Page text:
Labor-Intensive Work (HIMO)
The HIMO (Haute intensite de la main d’oeuvre/labor-intensive work) approach improves rural infrastructure and promotes agro-forestry. This “labor-intensive work” strategy creates jobs building infrastructure (primarily roads) to facilitate access to and from remote areas so that trade – particularly agricultural trade – opportunities can be increased. Roads selected are located in areas where agricultural commodity chains could flourish if market access were improved.
HIMO activities also include plantings of thousands of tree seedlings in a specific area to implement erosion-control measures to prevent soil loss. These plantings also help fight deforestation and create long-term opportunities for members of the fuelwood value chain.
HIMO has been implemented as part of the CATALIST project. Helpage, a partner organization of CATALIST, has overseen most of the project’s HIMO work in the Great Lakes Region of Central Africa. CATALIST has supported Helpage activities in three countries, resulting in nursery production of more than three million agroforestry plants, establishment of 840 hectares of agroforestry plantations and improvements on 182 kilometers of feeder roads. These activities generated part-time employment for 13,500 people and injected about $350,000 into local economies.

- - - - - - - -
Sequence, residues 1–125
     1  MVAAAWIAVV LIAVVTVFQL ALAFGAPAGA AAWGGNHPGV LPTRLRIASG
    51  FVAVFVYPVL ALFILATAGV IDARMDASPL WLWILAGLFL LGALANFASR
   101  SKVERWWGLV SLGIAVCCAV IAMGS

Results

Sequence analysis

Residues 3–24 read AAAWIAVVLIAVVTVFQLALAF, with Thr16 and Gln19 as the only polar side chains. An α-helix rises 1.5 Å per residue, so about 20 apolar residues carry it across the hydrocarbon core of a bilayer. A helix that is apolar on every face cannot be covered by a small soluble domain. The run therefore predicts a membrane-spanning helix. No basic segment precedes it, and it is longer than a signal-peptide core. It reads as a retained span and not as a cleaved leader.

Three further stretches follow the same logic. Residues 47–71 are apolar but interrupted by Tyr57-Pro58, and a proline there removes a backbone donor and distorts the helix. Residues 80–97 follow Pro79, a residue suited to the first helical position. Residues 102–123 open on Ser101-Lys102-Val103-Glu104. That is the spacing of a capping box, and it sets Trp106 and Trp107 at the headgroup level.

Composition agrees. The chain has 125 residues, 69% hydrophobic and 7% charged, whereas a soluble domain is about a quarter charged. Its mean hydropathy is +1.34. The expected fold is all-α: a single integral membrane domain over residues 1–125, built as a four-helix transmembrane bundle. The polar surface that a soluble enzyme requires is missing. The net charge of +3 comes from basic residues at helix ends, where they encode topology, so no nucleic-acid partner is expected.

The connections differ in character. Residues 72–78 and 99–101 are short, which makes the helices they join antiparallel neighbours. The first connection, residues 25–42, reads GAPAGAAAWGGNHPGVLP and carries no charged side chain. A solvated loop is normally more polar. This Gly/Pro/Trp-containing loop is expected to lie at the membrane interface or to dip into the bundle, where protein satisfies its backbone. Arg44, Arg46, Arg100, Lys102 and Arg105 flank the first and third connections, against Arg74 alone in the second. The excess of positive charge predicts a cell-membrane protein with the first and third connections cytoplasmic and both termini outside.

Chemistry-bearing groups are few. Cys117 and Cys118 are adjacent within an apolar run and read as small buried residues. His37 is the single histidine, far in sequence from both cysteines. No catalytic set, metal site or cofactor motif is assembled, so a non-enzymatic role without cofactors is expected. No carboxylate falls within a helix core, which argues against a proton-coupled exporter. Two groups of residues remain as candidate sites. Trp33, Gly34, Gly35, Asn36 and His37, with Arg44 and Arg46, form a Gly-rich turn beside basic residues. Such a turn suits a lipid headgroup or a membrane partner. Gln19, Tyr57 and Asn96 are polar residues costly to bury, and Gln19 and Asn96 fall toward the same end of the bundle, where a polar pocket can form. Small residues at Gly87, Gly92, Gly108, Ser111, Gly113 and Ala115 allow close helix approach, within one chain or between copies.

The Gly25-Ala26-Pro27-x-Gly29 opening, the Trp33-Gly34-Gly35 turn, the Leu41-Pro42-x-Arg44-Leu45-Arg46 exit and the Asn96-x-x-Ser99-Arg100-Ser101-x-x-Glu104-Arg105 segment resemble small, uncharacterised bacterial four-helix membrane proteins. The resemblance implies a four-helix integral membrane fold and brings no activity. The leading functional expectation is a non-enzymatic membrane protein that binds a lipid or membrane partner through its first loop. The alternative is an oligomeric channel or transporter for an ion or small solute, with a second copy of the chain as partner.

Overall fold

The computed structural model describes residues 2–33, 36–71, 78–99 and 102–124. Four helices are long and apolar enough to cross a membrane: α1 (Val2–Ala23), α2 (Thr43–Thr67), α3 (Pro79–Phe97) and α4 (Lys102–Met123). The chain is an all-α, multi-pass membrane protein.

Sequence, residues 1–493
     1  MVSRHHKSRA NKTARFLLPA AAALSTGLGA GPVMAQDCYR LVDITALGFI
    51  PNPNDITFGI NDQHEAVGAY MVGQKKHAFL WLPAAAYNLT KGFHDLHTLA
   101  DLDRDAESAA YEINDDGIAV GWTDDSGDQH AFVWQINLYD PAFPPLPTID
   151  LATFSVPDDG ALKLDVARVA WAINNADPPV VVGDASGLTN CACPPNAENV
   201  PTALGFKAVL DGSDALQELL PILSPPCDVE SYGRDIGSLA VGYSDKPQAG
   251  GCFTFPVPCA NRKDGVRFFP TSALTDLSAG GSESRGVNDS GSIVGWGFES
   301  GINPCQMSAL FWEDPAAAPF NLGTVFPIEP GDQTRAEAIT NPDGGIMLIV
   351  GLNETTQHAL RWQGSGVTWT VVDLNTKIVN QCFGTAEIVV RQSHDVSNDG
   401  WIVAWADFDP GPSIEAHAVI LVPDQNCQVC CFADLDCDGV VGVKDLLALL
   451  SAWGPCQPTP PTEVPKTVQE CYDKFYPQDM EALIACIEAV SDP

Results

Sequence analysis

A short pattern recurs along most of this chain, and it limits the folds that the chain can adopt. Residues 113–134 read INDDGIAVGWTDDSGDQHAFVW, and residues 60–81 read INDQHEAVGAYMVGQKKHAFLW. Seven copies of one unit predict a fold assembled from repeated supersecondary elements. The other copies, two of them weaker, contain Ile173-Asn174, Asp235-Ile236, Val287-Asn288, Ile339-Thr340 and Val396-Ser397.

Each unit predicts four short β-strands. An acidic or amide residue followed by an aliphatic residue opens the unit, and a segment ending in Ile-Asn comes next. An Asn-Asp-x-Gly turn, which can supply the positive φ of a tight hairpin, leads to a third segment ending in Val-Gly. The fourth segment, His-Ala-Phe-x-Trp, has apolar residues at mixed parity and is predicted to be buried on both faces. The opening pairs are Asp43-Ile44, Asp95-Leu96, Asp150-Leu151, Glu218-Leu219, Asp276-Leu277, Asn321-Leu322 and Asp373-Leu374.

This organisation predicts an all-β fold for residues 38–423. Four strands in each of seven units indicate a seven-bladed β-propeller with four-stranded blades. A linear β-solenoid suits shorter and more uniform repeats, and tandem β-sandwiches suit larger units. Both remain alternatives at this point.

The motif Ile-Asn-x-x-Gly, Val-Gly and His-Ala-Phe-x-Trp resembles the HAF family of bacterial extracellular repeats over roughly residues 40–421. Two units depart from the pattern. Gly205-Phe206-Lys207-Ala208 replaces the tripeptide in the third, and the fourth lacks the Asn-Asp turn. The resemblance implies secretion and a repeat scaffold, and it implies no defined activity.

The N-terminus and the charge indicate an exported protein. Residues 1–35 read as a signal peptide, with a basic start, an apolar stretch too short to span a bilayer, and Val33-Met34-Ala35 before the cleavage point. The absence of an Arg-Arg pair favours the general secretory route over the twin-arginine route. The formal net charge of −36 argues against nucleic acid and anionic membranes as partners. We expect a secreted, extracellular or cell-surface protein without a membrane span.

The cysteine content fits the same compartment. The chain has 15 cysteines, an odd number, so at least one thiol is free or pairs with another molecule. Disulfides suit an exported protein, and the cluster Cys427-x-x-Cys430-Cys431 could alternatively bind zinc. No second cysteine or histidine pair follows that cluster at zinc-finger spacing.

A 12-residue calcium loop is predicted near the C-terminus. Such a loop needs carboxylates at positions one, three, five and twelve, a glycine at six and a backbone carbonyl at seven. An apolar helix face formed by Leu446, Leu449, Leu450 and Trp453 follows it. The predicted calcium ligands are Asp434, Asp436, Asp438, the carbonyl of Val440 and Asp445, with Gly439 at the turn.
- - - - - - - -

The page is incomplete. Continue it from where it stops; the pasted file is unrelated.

Those employed through HIMO activities are primarily poor farmers, widows and widowers, displaced persons and demobilized soldiers. Women make up about 50 percent of CATALIST’s HIMO workforce. Another IFDC project, CATALIST/SEW, also uses the HIMO method extensively.